All in all, I don't see what's specifically scary about this movie. I don't have the ability to astral project and therefore have no fear of getting lost in "The Further" and even if I did, I could just escape by realizing that it's not real. This movie didn't rely on jump scares and that's a MAJOR plus for it but at the same time the movie had no genuine scare in my opinion. There was no moment where I felt urged to look away from the screen or curl into a massive ball of tension while I waited for whatever was about to happen to happen or found myself unable to sleep because of a single image that haunted my mind. This movie had absolutely nothing to scare me with and was nothing more than an interesting movie that in all honesty should have been a novel. Now I know what you're thinking, you're probably thinking that I'm one of those blood, guts and gore hounds who think horror movie equals someone getting mutilated or you probably think I'm one of those immature moviegoers who think jump scares equal scary.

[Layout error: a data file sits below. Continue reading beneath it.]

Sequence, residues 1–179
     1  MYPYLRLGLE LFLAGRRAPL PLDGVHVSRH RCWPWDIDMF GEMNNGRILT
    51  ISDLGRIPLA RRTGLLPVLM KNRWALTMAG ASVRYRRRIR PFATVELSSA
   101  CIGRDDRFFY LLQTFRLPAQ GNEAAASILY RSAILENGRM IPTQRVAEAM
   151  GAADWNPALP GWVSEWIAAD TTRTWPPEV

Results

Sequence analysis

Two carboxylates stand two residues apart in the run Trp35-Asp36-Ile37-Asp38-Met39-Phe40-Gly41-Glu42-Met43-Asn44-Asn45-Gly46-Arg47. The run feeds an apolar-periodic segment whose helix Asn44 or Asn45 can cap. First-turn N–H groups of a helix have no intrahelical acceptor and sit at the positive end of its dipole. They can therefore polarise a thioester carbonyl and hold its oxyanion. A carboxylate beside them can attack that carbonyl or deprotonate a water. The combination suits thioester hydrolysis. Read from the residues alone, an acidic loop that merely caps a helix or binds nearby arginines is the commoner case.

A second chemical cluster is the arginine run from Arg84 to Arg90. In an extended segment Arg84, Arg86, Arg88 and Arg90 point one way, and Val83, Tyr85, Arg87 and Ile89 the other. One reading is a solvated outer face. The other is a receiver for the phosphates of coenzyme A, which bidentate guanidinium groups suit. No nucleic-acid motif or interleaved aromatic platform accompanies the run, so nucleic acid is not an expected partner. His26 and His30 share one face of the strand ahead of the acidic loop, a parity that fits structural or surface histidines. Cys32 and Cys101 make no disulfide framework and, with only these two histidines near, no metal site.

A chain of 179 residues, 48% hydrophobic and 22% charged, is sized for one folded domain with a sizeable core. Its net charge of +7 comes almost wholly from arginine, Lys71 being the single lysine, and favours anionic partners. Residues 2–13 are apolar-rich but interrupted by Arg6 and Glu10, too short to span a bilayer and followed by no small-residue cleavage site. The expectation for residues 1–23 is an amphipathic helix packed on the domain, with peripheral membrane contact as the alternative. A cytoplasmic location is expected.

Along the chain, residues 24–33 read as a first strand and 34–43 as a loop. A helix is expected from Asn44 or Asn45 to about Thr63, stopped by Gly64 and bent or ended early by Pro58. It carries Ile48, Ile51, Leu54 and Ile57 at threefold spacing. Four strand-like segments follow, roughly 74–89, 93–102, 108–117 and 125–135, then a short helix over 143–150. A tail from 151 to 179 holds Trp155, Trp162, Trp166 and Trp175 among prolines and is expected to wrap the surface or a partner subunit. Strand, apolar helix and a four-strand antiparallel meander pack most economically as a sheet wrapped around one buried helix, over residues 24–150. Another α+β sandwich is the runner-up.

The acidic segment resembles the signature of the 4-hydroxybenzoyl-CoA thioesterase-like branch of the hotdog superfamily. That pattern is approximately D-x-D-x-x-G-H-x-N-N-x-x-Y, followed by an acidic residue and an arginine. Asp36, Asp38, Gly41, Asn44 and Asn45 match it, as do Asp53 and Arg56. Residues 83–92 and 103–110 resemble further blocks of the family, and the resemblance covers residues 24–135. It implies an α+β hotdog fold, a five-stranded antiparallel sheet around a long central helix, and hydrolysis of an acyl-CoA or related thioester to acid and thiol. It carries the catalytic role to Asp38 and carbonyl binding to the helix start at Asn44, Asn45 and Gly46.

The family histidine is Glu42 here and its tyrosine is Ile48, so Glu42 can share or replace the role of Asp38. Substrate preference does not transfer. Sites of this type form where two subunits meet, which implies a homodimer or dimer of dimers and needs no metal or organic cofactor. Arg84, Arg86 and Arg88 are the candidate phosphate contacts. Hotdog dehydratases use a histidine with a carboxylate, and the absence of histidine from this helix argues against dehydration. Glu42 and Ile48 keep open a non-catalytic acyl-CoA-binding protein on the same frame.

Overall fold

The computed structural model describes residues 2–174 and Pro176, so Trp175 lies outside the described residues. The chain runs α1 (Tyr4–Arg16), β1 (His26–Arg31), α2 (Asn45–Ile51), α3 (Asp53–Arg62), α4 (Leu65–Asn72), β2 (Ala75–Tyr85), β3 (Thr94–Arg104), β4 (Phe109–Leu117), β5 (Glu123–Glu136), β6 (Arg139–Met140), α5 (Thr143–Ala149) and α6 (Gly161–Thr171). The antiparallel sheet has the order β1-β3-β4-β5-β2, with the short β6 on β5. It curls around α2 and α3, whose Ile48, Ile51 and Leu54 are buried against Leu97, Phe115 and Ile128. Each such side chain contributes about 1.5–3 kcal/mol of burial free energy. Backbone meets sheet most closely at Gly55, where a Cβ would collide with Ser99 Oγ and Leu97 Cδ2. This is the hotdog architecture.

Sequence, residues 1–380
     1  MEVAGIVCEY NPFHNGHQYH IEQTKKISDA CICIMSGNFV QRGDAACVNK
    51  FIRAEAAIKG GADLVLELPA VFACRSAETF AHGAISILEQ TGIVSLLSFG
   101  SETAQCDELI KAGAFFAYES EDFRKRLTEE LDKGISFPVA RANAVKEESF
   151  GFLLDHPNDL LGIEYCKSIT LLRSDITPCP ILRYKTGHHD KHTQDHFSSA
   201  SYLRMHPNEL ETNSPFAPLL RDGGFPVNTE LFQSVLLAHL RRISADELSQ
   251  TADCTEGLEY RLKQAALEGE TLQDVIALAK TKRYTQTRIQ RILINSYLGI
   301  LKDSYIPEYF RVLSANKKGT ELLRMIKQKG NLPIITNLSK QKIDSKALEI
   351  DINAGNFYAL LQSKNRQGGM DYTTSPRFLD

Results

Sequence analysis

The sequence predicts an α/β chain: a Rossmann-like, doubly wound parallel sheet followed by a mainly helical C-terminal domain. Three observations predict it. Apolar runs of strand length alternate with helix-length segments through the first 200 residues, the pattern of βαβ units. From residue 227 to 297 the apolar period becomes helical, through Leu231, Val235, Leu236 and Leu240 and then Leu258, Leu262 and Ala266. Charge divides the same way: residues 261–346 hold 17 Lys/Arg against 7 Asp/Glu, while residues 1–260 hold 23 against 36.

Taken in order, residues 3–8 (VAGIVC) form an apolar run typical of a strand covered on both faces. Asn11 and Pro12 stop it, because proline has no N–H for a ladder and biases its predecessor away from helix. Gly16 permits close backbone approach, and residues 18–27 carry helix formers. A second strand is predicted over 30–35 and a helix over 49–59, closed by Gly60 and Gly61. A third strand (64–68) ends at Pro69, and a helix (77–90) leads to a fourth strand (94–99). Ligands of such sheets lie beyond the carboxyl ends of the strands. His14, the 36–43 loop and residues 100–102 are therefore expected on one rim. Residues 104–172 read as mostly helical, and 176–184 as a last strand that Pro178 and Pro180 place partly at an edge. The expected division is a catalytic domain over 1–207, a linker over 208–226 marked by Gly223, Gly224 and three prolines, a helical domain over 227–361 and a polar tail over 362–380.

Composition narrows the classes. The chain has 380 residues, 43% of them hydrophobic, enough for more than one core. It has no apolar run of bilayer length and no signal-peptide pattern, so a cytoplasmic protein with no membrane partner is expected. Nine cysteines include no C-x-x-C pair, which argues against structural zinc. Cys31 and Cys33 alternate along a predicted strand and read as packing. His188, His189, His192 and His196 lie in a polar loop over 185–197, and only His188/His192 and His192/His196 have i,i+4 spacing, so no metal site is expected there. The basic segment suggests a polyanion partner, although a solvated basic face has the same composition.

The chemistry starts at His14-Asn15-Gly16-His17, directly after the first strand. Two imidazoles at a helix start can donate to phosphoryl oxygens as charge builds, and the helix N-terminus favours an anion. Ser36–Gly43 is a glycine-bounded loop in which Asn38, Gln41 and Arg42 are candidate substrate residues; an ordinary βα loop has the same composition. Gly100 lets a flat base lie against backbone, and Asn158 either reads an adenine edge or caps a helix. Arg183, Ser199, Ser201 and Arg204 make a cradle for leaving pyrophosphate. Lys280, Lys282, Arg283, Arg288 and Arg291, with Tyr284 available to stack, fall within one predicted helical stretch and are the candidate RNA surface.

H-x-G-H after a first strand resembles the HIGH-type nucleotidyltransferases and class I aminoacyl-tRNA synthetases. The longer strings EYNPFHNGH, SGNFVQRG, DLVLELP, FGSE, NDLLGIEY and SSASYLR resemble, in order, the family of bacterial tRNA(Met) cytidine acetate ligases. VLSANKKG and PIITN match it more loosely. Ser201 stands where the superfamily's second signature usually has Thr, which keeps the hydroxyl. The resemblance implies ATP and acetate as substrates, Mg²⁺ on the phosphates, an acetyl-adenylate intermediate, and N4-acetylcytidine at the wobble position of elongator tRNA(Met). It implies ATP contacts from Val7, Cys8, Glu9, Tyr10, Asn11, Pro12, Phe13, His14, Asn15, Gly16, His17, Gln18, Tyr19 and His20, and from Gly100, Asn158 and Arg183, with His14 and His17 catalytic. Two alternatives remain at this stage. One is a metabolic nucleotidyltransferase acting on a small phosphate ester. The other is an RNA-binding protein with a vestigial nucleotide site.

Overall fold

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Hi, just wanted to let everyone know that I'm totally NOT Darth Maul.

No, obviously I'm not. You can have a genuinely scary movie where there isn't blood, guts and gore and where jump scares aren't present, I present to you "The Caller" as a perfect example of a movie that manages to be extremely unsettling and scary. However, "Insidious" didn't have enough danger or high enough stakes for me to feel any tension for the characters. After all, if The Demon really wanted Dalton's body he'd have tried MUCH harder than he did to keep Dalton there and he didn't even do much in terms of interacting with the family and he never presented himself as an immediate danger. The other ghosts who appeared in the film didn't come off as malevolent and again never presented themselves as a serious problem, I mean hell, aside from being accosted by a ghost when Renee was in bed, one ghost was obviously playing hide'n'seek with her.